Excessive hoarding may be a distinct type of obsessive-compulsive disorder not treatable in the standard way, research suggests.
Many people with OCD wash their hands compulsively
Hoarding and saving has long been thought to be a classic symptom of OCD.
But an American Journal of Psychiatry study found hoarders show different brain activity patterns.
University of California Los Angeles researchers say their work suggests some hoarders may have been receiving inappropriate treatment.
OCD is an anxiety disorder in which sufferers are compelled by irrational fears and thoughts to repeat seemingly needless actions over and over again.
It is often associated with excessive hand washing, cleaning or repeated checking.
The cause of OCD is not fully understood, but it has been linked to an imbalance of the brain signalling chemical serotonin and is often treated with drugs that alter the way the brain processes this chemical.
Many experts believe excessive hoarding to be another manifestation of the condition.
However, researcher Dr Sanjaya Saxena believes that his work challenges this view.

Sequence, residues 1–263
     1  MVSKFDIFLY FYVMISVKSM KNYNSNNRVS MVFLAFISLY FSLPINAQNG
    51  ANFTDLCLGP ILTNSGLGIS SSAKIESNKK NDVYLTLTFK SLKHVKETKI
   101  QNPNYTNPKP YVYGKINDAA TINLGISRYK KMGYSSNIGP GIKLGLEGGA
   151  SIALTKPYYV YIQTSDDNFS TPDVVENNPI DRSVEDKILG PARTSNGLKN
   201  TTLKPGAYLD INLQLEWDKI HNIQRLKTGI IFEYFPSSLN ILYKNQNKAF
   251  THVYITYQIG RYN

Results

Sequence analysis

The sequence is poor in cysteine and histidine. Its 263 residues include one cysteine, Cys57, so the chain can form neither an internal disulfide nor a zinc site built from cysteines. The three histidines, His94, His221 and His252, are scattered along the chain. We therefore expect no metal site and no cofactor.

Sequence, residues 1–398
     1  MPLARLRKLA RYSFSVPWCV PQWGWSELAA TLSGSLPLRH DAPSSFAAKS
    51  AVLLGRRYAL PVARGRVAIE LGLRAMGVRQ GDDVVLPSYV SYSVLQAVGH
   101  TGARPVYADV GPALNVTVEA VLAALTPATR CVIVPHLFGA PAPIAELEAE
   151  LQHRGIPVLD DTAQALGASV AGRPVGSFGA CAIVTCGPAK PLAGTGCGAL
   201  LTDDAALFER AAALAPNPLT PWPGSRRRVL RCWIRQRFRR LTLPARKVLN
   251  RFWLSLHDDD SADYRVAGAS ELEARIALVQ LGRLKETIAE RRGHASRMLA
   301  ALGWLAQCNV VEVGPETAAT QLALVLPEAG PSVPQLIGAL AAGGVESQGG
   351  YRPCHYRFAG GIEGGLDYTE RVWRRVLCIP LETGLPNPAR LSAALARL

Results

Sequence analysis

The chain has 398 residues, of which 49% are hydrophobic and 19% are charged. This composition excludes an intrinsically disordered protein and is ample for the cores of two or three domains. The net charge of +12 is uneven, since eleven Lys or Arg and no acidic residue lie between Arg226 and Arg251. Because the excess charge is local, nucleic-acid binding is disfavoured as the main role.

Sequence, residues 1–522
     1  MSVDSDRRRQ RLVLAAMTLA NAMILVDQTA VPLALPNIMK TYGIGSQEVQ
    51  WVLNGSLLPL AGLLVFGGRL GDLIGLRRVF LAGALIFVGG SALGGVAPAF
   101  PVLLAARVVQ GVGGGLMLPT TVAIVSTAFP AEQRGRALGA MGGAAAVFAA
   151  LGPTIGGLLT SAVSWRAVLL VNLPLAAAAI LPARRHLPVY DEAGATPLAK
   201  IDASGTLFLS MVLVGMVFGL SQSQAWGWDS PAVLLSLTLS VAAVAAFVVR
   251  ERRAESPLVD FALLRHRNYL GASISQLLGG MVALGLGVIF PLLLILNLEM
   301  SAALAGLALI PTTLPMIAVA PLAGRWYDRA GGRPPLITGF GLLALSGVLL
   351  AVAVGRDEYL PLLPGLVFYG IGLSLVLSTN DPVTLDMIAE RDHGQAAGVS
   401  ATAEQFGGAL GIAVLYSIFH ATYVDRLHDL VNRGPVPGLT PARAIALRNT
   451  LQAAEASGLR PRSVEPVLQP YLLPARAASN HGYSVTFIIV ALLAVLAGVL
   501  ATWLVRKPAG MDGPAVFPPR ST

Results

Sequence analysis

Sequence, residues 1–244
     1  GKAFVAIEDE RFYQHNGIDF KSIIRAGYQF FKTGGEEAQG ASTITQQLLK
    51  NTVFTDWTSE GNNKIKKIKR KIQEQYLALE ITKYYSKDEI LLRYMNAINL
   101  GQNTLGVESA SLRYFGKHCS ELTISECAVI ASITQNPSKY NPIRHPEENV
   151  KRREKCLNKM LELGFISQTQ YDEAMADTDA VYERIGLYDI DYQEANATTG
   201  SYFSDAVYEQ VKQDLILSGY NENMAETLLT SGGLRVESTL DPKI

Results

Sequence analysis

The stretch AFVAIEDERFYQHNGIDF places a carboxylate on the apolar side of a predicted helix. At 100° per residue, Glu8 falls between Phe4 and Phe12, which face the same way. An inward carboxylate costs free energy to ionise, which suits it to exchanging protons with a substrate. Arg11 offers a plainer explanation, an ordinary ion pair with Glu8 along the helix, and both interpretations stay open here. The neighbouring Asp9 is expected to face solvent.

He said: "Our work shows that hoarding and saving compulsions long associated with OCD may spring from unique, previously unrecognized neurobiological malfunctions that standard treatments do not necessarily address.
"In addition, the results emphasize the need to rethink how we categorize psychiatric disorders.
"Diagnosis and treatment should be driven by biology rather than symptoms."
The UCLA team carried out sophisticated PET scans to measure brain activity in 45 adults with OCD, of which 12 were hoarders, and 17 people without mental health problems.
The hoarders showed a unique pattern of activity, including less activity in brain regions known as the posterior cingulate gyrus and cuneus.
It is estimated that hoarding and saving symptoms are found in up to 30% of patients currently recognised as having OCD. These people are often also indecisive and perfectionists.
Standard therapies for OCD often seem to have little effect at reducing these particular symptoms.
Failure to come forward
Dr Naomi Fineberg, an expert in OCD at Queen Elizabeth Hospital, Welwyn Garden City, told BBC News Online that the finding was "no surprise".
"When you are looking at obsessional patients, hoarders seem to stand apart, and they don't respond well - if at all - to standard anti-obsessional treatments, which makes you think they might be a bit different.
"OCD is probably a mix of different disorders. In fact there is probably a fairly broad spectrum of obsessional disorders."
Dr Fineberg said many hoarders did not come forward for treatment.
Unlike other forms of OCD in which patients often recognise their behaviour as irrational and senseless, hoarders tended to believe they were acting rationally, and did not need help.